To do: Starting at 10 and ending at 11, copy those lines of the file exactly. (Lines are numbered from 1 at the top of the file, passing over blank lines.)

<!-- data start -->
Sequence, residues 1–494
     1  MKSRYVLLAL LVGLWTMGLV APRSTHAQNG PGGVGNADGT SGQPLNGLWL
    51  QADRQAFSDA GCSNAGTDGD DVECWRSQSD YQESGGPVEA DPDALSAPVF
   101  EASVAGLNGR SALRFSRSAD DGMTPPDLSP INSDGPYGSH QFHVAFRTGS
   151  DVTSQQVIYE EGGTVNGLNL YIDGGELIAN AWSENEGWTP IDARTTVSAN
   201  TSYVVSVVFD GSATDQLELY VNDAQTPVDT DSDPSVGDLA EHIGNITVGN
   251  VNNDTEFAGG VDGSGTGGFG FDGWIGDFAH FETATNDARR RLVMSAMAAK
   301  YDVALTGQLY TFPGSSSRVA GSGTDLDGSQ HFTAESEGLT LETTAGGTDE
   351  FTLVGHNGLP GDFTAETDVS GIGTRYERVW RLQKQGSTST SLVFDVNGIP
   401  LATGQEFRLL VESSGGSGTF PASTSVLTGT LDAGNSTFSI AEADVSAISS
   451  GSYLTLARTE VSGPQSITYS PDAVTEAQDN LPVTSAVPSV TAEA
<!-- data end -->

   401  LATGQEFRLL VESSGGSGTF PASTSVLTGT LDAGNSTFSI AEADVSAISS
   451  GSYLTLARTE VSGPQSITYS PDAVTEAQDN LPVTSAVPSV TAEA